“The well known Janesville lady lawyer read an interesting paper.”

Wisconsin State Journal, October 9, 1879

The American Women’s Association Congress was held in the state capitol building in Madison in October 1879. Seventy-five women from around the country attended.

Image of Wisconsin's capitol in the 1870s
Wisconsin capitol c. 1870s

The 1880 Annual Report of the Association for the Advancement of Women said:

Through the action of the local committee, the fine and spacious assembly room of the capitol was placed at our disposal, and the ladies of Madison decorated it with flowers and smilax, a rare innovation in a state capital.

Discussions are always limited to members. Among those who were always ready for the debate were Miss Goodell. In the words of the Wisconsin State Journal, “One of the most interesting features of the women’s congress is the discussion which follows the papers presented. The ladies take the floor readily, and speak with remarkable aptness, peace and beauty. Without ranting or staginess, in gentle but distinct tones, with a felicity of expression, and directness, rarely found, except in the best speakers. They certainly show themselves the peers of men in similar conventions.

Lavinia’s diary entry for Wednesday, October 8, 1879 reported: “Attended the Cong. all day and evening. A splendid time. Met lots of delightful people and the papers and speeches were good and audiences large and appreciative. Read my piece in evening. It is 11 P.M. and I am tired.

Although the full text of Lavinia’s paper has not survived, the Wisconsin State Journal gave the following account:

Miss Goodell said that punishment for crime was in early days lawless and irregular, and only in comparatively modern times had anything like system been established. There was then little distinction between civil and criminal offenses. The satisfaction of private wrong was succeeded by retributive justice – then followed a system of public justice. The lecturer instanced some of the many methods of evading the law, in the middle ages, and the crimes committed in the name of justice. The object of government was finally pronounced and established to be the protection of citizens in their proper avocations. It is not the province of government to establish retributive and penal justice. God alone is capable of dealing out perfect justice – to no set of men has he delegated the administration of retributive justice. A thousand ramifying and combined instances and forces have to be weighed, in dealing out exact justice; to do this thoroughly, is not in the power of mortal man.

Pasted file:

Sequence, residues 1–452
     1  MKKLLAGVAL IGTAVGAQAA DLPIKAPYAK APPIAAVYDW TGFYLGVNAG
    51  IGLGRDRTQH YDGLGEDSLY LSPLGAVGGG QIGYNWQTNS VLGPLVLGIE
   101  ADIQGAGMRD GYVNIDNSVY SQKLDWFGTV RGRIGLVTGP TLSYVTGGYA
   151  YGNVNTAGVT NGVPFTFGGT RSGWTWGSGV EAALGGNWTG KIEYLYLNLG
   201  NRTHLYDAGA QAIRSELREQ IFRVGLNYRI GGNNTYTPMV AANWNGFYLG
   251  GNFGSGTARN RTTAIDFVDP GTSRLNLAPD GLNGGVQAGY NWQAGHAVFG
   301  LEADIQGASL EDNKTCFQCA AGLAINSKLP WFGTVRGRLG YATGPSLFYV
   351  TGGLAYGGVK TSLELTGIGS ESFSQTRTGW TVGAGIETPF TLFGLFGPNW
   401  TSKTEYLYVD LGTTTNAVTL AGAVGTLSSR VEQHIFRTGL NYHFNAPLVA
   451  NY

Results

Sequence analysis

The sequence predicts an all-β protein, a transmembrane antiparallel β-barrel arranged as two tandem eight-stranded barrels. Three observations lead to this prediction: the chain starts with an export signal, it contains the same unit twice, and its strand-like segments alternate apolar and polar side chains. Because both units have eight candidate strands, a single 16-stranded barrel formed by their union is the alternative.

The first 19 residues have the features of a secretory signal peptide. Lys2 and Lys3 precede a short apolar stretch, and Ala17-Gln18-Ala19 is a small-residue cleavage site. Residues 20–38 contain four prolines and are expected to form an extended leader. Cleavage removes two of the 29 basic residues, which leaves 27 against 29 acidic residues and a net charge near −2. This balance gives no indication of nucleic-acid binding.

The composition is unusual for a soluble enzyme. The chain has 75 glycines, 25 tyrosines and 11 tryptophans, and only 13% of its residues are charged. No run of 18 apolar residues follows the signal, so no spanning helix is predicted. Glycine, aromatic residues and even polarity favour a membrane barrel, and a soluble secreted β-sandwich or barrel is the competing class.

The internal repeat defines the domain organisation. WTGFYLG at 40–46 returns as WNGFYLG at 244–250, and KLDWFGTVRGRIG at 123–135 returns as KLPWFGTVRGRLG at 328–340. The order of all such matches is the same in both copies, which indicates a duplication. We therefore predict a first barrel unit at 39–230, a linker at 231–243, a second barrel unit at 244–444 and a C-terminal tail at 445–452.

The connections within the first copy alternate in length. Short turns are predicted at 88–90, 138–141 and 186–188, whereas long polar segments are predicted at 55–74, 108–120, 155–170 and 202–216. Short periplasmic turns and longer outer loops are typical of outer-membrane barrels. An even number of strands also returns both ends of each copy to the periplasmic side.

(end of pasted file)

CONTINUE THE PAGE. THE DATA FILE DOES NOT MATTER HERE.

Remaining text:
In the system now in vogue in this country, three forces are brought to bear:  1st, the deterrent, by which the culprit is restrained by imprisonment; 2d, the correctional, in which reformatory teachings are introduced, and moral influences brought to bear; 3d, the preventive, in which suffering is inflicted both as a species of retribution and as a warning to others. The object of penal legislation being to protect society in its avocations, the question arises how these three methods can be administered, to secure the desired end of correcting the criminal disposition? Mankind is coming to learn that to either torture or kill will not produce the desired end. Miss Goodell claimed that, first, culprits should be put under the care of officers who are philanthropists, scientists and philosophers – the highest and the best moral talent of the day should be in charge of the development of the morals and intellect of criminals. By suitable treatment, culprits may become sober and correct citizens. Miss Goodell spoke at considerable length in favor of prison reform. She would have the prisons psychological hospitals, instituted for actual reform. She would not have the way of transgression less hard, but the path of reform easier to tread. She did not believe in pardons except where new evidence was found; pardons should come through the industry, economy and improved moral behavior of the culprit. Imprisonment should be but the retention of a dangerous class, and both the making them self-sustaining by industry, and the reforming of them.

To see the Wisconsin State Journal’s entire discussion of Lavinia’s paper and the ensuing discussion,  click here. Other portions of the Congress and Lavinia’s participation in it will be covered in a future post. NK

Sources consulted: Annual Report of the Association for the Advancement of Women (1880); Wisconsin State Journal; Lavinia Goodell’s diaries.

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“To see the Wisconsin State Journal’s entire discussion of Lavinia’s paper and the ensuing discussion click here.”

Link did not work properly

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